I know that every other K-drama bloggers and viewers have been trying to wrap their head around all the new dramas premiering this summer (some of them just this very week). Casting news, name changes, release of promo posters and trailers… endless slew of information coming at us. For a change, I wanted to take a break from all this drama frenzy to take a moment to look back at the year 2011 so far while these dramas are still fresh in my mind. We’ll just call this my mid-season drama report.
As you may be aware, I have been periodically posting updates about the upcoming dramas and my expectations for them in a series of “Looking Ahead” posts. And for each drama, under the “Blue’s clues” section, I briefly shared my thoughts on the cast and the crew based on their past works. But now that I had the chance to actually watch most of the dramas featured in the first two installments (1 and 2) and as I wait for the new dramas premiering in the next two months, I became curious on how accurate my predictions have been so far.
Here is a list of all the dramas from 2011 that were featured in the first two installments of the “Looking Ahead” series and a reminder of what I had said about them earlier. (Man, the length of my “Blue’s clues” section became longer and longer with each new installment.) But this time, I’ve also included a quick review/thoughts/impressions of these said dramas as part of my drama viewing report. Yup, these are the dramas that I’ve watched, the dramas that I’ve dropped, and the dramas that I’ve skipped between January and April of 2011…
Blue’s clues: This will be Director Jo’s directorial debut, but he was the assistant director for Bad Couple (SBS, 2007) and Family Honor (SBS, 2008-2009). Writer So makes relatively unoriginal stories very addicting, without resorting to cheap tricks. I’ve actually enjoyed all of her past dramas (well, at least the ones that I’ve seen). But man, what a good looking cast! The synopsis seems like it’d have quite a deal of the fantasy/supernatural elements, and although that’s not my thing, everything looks optimistic on paper. Hope it delivers!
Impressions: I don’t think it’ll come as a surprise to anyone when I announce that I’m loving 49 Days. Oh, and of course, it doesn’t hurt that I’m finding Jo Hyun Jae absolutely DELICIOUS… (and all MINE). But now that that’s established, I won’t let that get in the way of attempting to be objective.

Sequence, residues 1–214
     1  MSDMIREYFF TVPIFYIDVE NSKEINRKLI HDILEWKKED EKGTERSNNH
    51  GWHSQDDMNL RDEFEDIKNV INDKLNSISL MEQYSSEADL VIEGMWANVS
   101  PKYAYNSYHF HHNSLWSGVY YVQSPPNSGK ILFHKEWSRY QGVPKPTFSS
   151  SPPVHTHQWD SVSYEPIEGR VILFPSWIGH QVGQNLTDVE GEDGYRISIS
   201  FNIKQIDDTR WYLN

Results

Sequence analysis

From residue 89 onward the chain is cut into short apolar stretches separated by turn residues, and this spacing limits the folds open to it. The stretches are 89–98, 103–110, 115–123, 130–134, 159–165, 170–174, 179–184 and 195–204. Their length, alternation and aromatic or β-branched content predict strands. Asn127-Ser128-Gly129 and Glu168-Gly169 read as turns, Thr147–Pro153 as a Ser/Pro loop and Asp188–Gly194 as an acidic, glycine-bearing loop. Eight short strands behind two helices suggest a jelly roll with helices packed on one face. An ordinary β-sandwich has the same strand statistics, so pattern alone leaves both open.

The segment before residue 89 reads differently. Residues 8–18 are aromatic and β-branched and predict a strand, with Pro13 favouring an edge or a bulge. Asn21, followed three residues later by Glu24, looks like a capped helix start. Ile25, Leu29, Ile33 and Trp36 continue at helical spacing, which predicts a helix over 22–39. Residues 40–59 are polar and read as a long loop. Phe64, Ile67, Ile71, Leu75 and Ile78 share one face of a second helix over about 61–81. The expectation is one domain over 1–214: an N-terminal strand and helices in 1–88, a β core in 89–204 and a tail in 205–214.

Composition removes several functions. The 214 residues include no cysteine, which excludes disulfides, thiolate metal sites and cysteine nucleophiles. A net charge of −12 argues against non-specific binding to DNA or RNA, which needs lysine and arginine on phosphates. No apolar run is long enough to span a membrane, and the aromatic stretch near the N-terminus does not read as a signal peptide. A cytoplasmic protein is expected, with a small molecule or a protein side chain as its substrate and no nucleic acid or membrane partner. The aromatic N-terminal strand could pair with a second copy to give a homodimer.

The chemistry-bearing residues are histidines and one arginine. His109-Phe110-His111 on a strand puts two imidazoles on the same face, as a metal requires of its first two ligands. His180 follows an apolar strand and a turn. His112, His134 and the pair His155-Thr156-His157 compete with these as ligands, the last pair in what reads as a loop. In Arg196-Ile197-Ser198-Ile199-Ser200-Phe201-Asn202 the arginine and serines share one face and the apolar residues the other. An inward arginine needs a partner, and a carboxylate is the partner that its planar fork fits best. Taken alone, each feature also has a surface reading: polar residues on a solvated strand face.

In his directorial debut, Director Jo’s inexperience shows here, especially with the transitions of the scenes and story lines. 49 Days has a slower start, and although I enjoyed the first half, I think it’s possible for some others to feel it drags or gets repetitive. But typical of Writer So Hyun Kyung, the drama quickly picks up pace mid way through the series in a nail-biting fashion. The drama has a very creative and original premise, and 49 Days is the first drama with fantasy/supernatural elements where I thought this aspect of the story was done cohesively and believably.
The entire cast is really nailing their performances, and although there have been some harsh criticisms against Nam Gyuri, she’s really not too bad, albeit a bit bland. All in all, 49 Days is an entertaining drama, and my drama crack of the first half of 2011. Do check it out if you haven’t done so already!
Blue’s clues: A director who worked mostly on making movies (this usually means that you can expect to see better than average drama cinematography). Bad writers. (Anyone who worked on Iris is a bad writer in my book. Perhaps I’m being too judgmental?) Big name stars, although for someone who has been concentrating on films, Jung Woo Sung’s acting is disappointing. If you’re looking for mindless entertainment, this might be the drama for you.
Impressions: Nope, I wasn’t being too judgmental after all. I bowed out of this drama somewhere in the middle of episode 2. I tried VERY hard to at least finish the episode, but within five minutes of turning it back on, I kept falling asleep. Every. Single. Time. (I guess this shows that I’m not completely superficial after all if the good looks of the cast couldn’t keep me awake.) After the third attempt, I knew it was a losing battle.
The first 30 minutes or so, Athena starts with bang, bang, bang. And in case you’re wondering, I don’t mean that it “starts with a bang”, but literally with the the sound of explosions and gunshots. You know, bang, bam, tick, tock, I don’t stop. I don’t know how else to describe it because the drama sure didn’t tell us why the characters were killing and torturing each other on-screen. But then the next thing I know, nothing was ever happening but for Jung Woo Sung’s character following around Soo Ae’s character like a love-sick puppy. Words like “mission” and “security” were thrown around every once in a while lest we forget that we were watching a spy action thriller.
The first two episodes of Athena felt like I was watching a really long, big budget music video. Where were the writers in this drama? Instead of trying to establish and develop some sort of story in its earlier episodes, the production just simply waved around special effects and big-name stars in front of our face, asking “Are you impressed yet by our prowess?” Ummm, sorry, but no.
Believe in Love
Blue’s clues: Overall, a decent cast. The Sons of Sol Pharmacy did extremely well, and I expect this to do well too (doesn’t have any major competitors either). The problem is that as far as family dramas go, I personally did not like The Sons of Sol Pharmacy. Oh yes, and I also thought School 4 was the worst of the School series. Sigh.
Impressions: Can’t say. I attempted to watch the first episode, but it kept buffering 2-3 minutes into the show. I was going to return to it at a later time, but I ended up never going back. Can you tell I was not interested in this drama at all from the get go? So what do you think? Did I end up missing out on a great family drama? You tell me!